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The heart is the organ that supplies blood and oxygen to all parts of the body,the heart is found in almost all animals. It is about the size of a clenched fist, weighs about 10.5 ounces and is shaped like a cone. The heart is located in the chest cavity just posterior to the breastbone, between the lungs and superior to the diaphragm. The heart is also the strongest muscle in your body, five and six thousands quarts of blood are pumped each day in your body.


The_heart.jpg
Heart Functions
From: 3.1 Reading - Textbook page 68

How does the heart work?

"The animation shows how blood flows through the heart as it contracts and relaxes"(nhlbi)
- The left side of the heart works much harder than

the right because its function is to pump the blood throughout the body.

- The right side pumps the blood to the lungs to be oxygenated, whereupon

it returns to the heart (left side) to be pumped throughout the body.

- To create the pressure needed to perform this function, the left ventricle is much thicker and more muscular.

From: http://www.nhlbi.nih.gov/health/dci/Diseases/hhw/hhw_pumping.html

How to draw a heart ?





















Parts of a Heart (Oracle):

Designated part of the heart
Location
What it does
Atrium
The upper chambers of the heart
There are two different atriums, the right atrium and the left atrium. The right atrium receives the deoxygenated blood from the Vena Cava while the left atrium receives the oxygenated blood from the lungs and pump it to the left ventricle.
Ventricle
The two lower chambers on both sides of your heart.
The ventricles pumps the blood. The right ventricle received blood from the right atrium pumps the blood from the pulmonary system (the heart to the lungs), here the blood pick up oxygen in the lungs and get deliver back to the heart via the pulmonary vein. The left vertical pumps the oxygenated blood collected from the lungs out through the body.
Venae Cavae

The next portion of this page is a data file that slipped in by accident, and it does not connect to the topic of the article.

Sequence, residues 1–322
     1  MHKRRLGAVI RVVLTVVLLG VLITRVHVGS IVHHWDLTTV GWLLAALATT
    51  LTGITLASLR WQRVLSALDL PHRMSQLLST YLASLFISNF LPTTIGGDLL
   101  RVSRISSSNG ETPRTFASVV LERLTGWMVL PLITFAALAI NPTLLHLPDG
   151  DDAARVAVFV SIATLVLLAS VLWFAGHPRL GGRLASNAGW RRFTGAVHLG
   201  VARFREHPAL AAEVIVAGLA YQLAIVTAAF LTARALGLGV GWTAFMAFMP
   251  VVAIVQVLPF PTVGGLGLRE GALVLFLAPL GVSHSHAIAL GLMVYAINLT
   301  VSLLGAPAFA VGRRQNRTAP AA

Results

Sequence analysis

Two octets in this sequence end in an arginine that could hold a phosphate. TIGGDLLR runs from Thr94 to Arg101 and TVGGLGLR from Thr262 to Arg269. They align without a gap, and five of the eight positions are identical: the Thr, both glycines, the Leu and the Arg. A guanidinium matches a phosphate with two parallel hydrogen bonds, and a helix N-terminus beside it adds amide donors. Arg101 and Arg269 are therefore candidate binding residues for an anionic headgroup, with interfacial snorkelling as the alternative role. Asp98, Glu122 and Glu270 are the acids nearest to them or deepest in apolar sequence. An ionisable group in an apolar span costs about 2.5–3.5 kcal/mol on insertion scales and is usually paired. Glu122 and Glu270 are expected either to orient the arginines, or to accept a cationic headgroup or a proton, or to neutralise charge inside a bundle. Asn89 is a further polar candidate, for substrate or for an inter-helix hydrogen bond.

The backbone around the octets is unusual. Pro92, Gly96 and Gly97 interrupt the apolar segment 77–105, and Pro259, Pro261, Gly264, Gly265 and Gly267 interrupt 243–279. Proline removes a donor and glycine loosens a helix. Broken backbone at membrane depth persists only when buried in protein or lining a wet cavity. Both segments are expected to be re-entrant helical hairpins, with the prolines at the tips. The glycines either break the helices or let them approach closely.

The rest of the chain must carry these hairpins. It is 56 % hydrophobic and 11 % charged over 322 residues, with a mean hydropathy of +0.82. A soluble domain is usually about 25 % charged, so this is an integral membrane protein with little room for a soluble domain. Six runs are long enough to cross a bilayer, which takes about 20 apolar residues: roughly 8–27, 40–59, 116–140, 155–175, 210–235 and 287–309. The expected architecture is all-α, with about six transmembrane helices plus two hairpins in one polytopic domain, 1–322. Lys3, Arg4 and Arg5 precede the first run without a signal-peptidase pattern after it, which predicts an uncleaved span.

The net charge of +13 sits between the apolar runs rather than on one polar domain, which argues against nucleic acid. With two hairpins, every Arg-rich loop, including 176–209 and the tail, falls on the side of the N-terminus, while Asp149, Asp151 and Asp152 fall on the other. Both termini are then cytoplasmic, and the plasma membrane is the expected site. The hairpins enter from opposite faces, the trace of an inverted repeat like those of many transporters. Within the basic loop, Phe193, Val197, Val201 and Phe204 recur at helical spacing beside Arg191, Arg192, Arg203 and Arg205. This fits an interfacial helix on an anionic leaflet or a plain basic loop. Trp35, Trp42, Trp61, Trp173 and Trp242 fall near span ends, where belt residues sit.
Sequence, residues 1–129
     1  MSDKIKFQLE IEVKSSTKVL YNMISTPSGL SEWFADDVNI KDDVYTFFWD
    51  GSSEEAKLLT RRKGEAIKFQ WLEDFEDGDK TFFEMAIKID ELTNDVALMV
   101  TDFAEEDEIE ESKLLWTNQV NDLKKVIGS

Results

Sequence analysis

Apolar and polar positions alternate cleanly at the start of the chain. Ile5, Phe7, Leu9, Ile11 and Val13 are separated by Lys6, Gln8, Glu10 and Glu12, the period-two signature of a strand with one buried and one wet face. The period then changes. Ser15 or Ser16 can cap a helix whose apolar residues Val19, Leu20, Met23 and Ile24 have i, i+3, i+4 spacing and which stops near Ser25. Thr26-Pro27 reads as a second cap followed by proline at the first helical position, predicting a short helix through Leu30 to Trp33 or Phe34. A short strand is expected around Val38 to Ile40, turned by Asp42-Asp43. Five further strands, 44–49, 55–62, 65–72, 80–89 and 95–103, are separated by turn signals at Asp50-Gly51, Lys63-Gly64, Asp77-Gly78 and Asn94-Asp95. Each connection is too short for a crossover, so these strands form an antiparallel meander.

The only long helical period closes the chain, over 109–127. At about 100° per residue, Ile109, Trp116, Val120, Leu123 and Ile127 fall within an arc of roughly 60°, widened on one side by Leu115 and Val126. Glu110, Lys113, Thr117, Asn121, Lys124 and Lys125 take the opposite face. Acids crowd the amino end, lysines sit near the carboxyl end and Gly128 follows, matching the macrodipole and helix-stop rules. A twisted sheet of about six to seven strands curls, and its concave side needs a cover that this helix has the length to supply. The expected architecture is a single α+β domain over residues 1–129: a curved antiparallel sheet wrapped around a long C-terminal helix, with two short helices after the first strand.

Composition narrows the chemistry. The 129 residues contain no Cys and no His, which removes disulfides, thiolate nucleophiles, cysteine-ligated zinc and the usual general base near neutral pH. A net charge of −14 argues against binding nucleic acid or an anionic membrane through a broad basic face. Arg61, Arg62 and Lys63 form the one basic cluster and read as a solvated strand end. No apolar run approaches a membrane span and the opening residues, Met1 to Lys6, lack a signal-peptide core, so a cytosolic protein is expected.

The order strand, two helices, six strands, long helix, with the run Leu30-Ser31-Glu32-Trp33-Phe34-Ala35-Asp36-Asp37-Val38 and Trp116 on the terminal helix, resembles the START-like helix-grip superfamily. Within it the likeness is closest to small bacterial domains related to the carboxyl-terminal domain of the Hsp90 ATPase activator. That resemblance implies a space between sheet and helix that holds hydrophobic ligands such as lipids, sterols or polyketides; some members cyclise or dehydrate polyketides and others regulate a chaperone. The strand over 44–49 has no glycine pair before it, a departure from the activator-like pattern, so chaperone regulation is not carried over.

Main vein in your body that carries blood from your body to the right side of the heart.
The venae cavae are the two biggest veins in the body which returns the deoxygenated blood from the body and into the heart so that it can be emptied into the right atrium. The blood then get more oxygen from the lungs and travel throughout the body again to continue the cardiac cycle.
Aorta
The main vessel artery and carries rich oxygen from the left side of your heart all over your body.
The Aorta carries the blood away from the heart. The aorta come out from the left ventricle and branch out down to the abdomen. The main function of the aorta is to carry and distribute blood through out the body, the aorta transfer the blood to some of the main arteries of the body
Heart chambers
Heart chambers

a diagram of a heart to show where each specific part lies
http://healthguide.howstuffworks.com/heart-chambers-picture.htm

Why is it that your heart is always beating but never gets tired?
The heart starts beating before your born and does stop until you die. The reason why the heart has such an endurance and doesnt get sore or tired is because the muscles that the heart is made of is different from the muscles that are regularly working.
Both cardiac muscle (the heart) and skeletal muscles (other muscles) get their energy from mitochondria, the organelle inside of cells that converts glucose to energy. The more mitochondria a muscle has, the more energy it will have. Skeletal muscles are only 1-2% mitochondria, while the cardiac muscle is between 30-35% mitochondria, thus it has much more energy. This is because of evolution, as humans do not need to be able to flex skeletal muscles for prolonged periods at a time, while hearts need to beat constantly.

Why does the left side have a wall that is so much thicker than the right side?
The left side of the heart works much harder than the right because its function is to pump the blood throughout the body. The right side pumps the blood to the lungs to be oxygenated, whereupon it returns to the heart (left side) to be pumped throughout the body. To create the pressure needed to perform this function, the left ventricle is much thicker and more muscular.



tgefd.PNGThe blue indicating, oxydised blood
http://wikieducator.org/Circulation_Worksheet_Answers



What is the pacemaker?This helps pumping blood throughout the body.A pacemaker can either be a natural one that is part of your heart, or an artificial one that is used to replace your natural pacemaker when it’s damagedd.jpgds.jpg
Artifical Pacemaker
Artifical Pacemaker

From (picture #1): <http://www.highbloodpressuresymptoms.co.uk/Pacemaker-defibrillator-risks-pacemaker-types.htm>.

From (picture #2): <http://www.cardioassoc.com/patient_pgs/procedures/pacemaker.asp>.

From (picture #3):<http://www.topnews.in/natural-solution-artificial-heart-pacemakers-may-be-possible-2149999>



What is the job of the heart?How does the heart get fed?
The heart is a muscle,the job of a heart is to pump blood around our body and bring it to other parts of the body , the heart is the life line of the body.
The heart is fed through blood, it give out everything the heart needs such as nutrients and oxygen.